With no significant setbacks for Israeli-Palestinian dialogue and interaction as of yet, all relevant parameters remained the same.
A new poll from the Palestinian Center for Policy and Survey Research (PCPSR) showed that 94% of Palestinians reject the Trump administration’s “Vision for Peace”. Released on February 11th, the poll also found that 64% of Palestinians say violence is the best response to the plan, and 50% now say violence is the most effective way to end the occupation. Of major significance was the finding that only 39% of Palestinians currently support a two-state solution, the lowest support recorded by the PCPSR poll since the signing of the Oslo Accords.
PCPSR Director Khalil Shikaki explained that “the motivation for violence is strong [among Palestinians] but the capacity is not, mostly because Hamas’ military infrastructure has been decimated and because the Fatah leadership strongly opposes the militarization of the Tanzim [Fatah-aligned militants].”
Regarding Palestinian support for a two-state solution, Shikaki said that it “will continue to decline if the Trump plan is implemented on the ground. Sooner or later, support for the one-state solution will become much higher. However, if the Trump plan is not implemented on the ground, public support for compromise and for the two-state solution will probably continue to remain open, with people embracing the idea if they view it as realistic or feasible.”
The significant decline in support for a two-state solution shifted the Palestinian public opinion parameter down from 5 to 4.
On February 12th, the UN human rights office issued a report listing 112 companies that do business in West Bank settlements, 94 of them based in Israel. Upon release of the report, UN High Commissioner for Human Rights Michelle Bachelet said that “while the settlements as such are regarded as illegal under international law, this report does not provide a legal characterization of the activities in question, or of business enterprises' involvement in them.”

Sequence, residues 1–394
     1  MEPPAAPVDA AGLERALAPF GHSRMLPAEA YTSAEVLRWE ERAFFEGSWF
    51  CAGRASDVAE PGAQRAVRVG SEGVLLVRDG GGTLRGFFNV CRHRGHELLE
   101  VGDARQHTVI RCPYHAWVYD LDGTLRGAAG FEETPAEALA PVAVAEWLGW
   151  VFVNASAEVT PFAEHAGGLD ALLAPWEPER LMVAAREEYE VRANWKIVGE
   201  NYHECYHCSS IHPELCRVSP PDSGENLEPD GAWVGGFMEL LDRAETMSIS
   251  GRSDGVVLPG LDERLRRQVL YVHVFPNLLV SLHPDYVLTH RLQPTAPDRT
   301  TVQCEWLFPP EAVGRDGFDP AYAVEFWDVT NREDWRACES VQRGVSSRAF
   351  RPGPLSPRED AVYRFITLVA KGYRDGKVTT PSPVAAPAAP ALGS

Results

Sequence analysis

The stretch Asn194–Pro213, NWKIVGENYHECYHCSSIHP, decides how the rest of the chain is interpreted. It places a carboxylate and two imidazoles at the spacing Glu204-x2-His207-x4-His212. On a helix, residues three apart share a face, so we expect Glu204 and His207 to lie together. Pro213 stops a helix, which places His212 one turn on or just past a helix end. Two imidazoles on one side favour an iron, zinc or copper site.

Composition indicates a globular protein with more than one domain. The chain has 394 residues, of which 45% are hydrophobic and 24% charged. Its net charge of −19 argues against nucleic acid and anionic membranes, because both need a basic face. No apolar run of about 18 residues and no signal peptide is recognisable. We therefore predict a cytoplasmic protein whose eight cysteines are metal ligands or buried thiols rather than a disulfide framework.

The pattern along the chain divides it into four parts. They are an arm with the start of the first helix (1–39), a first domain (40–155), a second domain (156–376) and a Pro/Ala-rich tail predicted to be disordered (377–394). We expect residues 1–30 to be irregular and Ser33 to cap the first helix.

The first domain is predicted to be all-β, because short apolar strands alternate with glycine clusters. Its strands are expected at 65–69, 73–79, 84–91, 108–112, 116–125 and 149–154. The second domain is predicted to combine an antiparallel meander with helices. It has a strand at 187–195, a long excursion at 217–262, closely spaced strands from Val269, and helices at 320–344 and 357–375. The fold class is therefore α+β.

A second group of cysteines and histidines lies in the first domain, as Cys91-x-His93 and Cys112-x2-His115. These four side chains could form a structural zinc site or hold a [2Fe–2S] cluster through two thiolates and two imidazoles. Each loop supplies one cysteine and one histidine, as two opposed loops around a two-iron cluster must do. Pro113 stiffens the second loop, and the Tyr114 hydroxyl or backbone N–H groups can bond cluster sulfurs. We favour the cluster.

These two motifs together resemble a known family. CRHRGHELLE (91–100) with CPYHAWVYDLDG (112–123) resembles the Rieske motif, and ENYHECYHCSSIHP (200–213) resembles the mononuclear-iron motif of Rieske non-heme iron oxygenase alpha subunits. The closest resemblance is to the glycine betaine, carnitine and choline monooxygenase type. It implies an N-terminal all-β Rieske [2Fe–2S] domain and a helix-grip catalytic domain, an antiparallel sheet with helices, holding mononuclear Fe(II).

The willingness of the UN to exert indirect pressure on the issue of Israeli settlements moved the Third-party engagement parameter from 5 to 6.
On February 15th, the Trump administration confirmed that U.S. ambassador to Israel David Friedman will lead a joint U.S.-Israeli committee to determine the precise borders of Israel and the Palestinian “state” prescribed in the “Vision for Peace” plan announced in January. The results of the committee’s work are expected to allow for unilateral Israeli annexation of parts of the West Bank, approved by the Trump administration. After meeting with Netanyahu to begin the mapping process, Friedman declared that “we hope to complete [the process] as soon as possible, and complete it the right way for the State of Israel.” Earlier, on February 4th, Netanyahu made clear that he intended to pursue annexation only after Israel’s March 2nd election.
That same day, the European Union released a statement asserting that the Trump plan departs from “internationally agreed parameters.” EU foreign policy chief Joseph Borrell reiterated the EU‘s commitment to a "negotiated two-State solution, based on 1967 lines, with equivalent land swaps” and warned that “steps towards annexation, if implemented, could not pass unchallenged.” The statement came three days after the Arab League backed President Abbas by rejecting the Trump plan, and one day after it was rejected by the Organization of Islamic Cooperation (named in the Trump plan as a potential partner in settling Palestinian refugees).
With no major steps taken toward West Bank annexation, or significant international resistance to the plan yet materializing, all relevant parameters remained the same in February.
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February, in short:
These events moved the Two-State Index (TSI) down by 4.2% (down by 0.2 points from 5.21 in the previous month).
Promises of significant settlement expansion by Netanyahu ahead of Israeli election
Violence continues in Gaza despite new measures
Spike in anti-normalization following release of Trump plan
New poll finds almost complete rejection of Trump plan by Palestinians, decline in support for a two-state solution
UN releases list of companies operating in settlements
Trump plan prompts moves toward annexation amid rejection by international community